Taipei, Taiwan—Overnight, a busy underground passageway in Taipei transformed into a colorful “Lennon Wall,” a bold display of support for Hong Kong’s ongoing anti-extradition protests. Thousands of handwritten messages on sticky notes and posters line the tunnel from ceiling to floor. One phrase appears everywhere—“加油!” or “don’t give up!” Passersby are welcome to leave their own words of encouragement, and the wall grows every day. 

The Hong Kong protests escalated in June, in opposition to a proposed bill that would authorize extradition to China on a case-by-case basis. Hongkongers view this legislation as a violation of China’s “one country, two systems” policy, which supposedly preserved Hong Kong’s autonomy and democracy following its handover from the United Kingdom in 1997. Hong Kong’s Chief Executive Carrie Lam declared the extradition bill “dead” following the backlash, but protests have since evolved into a general push for greater democratic freedoms. Hongkongers now march for five demands, including an inquiry into Hong Kong police’s violent anti-protest conduct. The world has watched the conflict unfold tensely from a distance, but no nation is more shaken by Hong Kong’s condition than Taiwan. 

Many citizens of Taiwan, an autonomous island with a historical identity crisis opposite of China, fear that Hong Kong’s struggle with China may place their country in a path of collateral damage. Challenging the “one country, two systems” policy is but a step away from challenging Taiwan’s disputed political status—whether or not it is a part of China. As a result, the bond between Taiwan and Hong Kong has strengthened as both attempt to defend their autonomy from China’s political advancements, a movement that especially resonates with the youth of the two democracies.


Taiwan and Hong Kong’s existing economic ties, centered on trade and tourism, are now expanding to become one of identity. The Taiwanese Hong Kong solidarity movement is largely led by the youth, in particular the Hong Kong Outlanders, an organization of Hongkongese students based in Taiwan. In addition to starting the Lennon Wall in early August, they have organized multiple solidarity activities in Taipei, including rallies and collections of motorcycle helmet donations for protesters in Hong Kong.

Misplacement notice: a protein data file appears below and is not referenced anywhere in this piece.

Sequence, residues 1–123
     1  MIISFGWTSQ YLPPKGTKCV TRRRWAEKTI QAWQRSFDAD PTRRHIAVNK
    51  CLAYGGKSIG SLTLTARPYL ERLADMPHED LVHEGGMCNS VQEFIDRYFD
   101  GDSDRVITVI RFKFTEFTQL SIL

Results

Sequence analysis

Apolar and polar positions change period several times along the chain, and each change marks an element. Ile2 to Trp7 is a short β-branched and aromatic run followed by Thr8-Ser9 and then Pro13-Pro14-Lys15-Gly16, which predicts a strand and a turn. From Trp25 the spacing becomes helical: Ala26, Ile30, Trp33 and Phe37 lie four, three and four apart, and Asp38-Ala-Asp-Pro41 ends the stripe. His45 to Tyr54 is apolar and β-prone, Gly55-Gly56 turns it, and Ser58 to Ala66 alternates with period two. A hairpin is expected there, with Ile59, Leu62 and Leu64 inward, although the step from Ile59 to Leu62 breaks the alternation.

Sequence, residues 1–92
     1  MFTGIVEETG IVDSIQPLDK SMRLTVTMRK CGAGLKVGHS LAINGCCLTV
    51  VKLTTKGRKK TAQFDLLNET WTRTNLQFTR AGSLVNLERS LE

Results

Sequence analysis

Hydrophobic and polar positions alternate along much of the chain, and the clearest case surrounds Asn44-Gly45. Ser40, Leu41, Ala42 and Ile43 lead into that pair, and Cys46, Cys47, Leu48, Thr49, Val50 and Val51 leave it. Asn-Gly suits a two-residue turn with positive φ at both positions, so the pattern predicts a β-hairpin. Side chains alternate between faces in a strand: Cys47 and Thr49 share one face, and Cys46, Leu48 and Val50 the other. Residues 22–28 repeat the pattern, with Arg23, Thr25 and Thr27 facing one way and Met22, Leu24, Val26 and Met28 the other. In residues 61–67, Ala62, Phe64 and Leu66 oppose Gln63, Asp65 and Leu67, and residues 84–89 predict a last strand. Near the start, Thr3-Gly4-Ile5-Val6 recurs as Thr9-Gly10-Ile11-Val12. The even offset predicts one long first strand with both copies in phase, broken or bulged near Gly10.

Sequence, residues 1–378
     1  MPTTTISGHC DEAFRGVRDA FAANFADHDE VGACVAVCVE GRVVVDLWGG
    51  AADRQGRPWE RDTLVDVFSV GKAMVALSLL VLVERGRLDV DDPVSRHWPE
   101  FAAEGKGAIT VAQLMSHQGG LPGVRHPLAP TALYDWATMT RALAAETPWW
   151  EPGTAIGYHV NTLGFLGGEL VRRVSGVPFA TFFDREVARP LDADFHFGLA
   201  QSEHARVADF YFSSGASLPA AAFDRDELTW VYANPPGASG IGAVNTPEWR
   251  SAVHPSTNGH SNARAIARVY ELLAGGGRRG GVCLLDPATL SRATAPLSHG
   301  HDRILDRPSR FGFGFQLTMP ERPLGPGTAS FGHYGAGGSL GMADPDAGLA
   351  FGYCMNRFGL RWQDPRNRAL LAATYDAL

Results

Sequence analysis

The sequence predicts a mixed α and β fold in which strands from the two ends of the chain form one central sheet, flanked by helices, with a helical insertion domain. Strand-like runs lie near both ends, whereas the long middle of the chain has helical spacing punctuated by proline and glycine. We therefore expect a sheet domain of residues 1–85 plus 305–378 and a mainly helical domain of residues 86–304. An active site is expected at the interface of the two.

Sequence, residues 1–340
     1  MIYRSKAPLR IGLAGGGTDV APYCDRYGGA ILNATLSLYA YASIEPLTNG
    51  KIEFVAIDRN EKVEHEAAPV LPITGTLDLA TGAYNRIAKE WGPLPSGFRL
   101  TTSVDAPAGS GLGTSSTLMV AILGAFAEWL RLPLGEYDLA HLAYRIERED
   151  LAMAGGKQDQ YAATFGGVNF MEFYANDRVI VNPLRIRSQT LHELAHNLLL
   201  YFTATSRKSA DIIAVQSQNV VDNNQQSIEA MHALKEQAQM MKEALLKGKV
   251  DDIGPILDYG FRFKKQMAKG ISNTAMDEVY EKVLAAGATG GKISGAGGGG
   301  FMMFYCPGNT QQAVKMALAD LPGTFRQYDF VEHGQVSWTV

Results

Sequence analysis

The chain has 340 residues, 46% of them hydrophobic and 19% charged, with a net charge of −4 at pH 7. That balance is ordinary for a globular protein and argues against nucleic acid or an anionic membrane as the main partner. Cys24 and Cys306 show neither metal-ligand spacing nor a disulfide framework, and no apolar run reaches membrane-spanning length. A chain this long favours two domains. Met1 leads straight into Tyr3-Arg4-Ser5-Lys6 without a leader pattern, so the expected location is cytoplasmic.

Hongkongese student Michael Lui ’20 frequently stations himself at the Lennon Wall, striking up conversations with anyone who walks by. He attends the National Taiwan Normal University in Taipei, and has seen the protests in his homeland erupt from afar. He is not affiliated with any organization nor is he compensated for his time, but he feels an intense responsibility to spread awareness about Hong Kong’s cause in Taiwan. Though Lui believes he has a stronger emotional connection to Hong Kong than his Taiwanese classmates do, he is grateful for their support.

“The Taiwanese and Hongkongers are standing a lot closer to each other,” Lui said. “In the Taiwanese mind, they know that [what’s happening in] Hong Kong is what might happen to Taiwan in the future… But no matter if it’s with their heart or their mind, what they did is the important thing. They did raise attention for us, and that’s what matters to us.”

Shaun Radgowski ’21 was studying Chinese at National Taiwan University when protests surged in the summer, and attended a solidarity rally in Taipei on June 16. He was one of several thousand attendees, mostly university students wearing black and carrying anti-extradition posters, braving Taiwan’s sweltering summer heat to support visiting activists from Hong Kong. From their impassioned speeches, Radgowski could sense a “feeling of mutual understanding between the youth of Hong Kong and the youth of Taiwan.”

“I went to the protest because I understand the movement and want to support [it] as much as I can. It can feel frustrating to see these protests happening from afar and there’s so little [one] can personally do to help, as I’m sure many people felt watching the Trump protests in the U.S.,” Radgowski said. “It’s also a once in a lifetime opportunity because this is history happening right before our eyes.”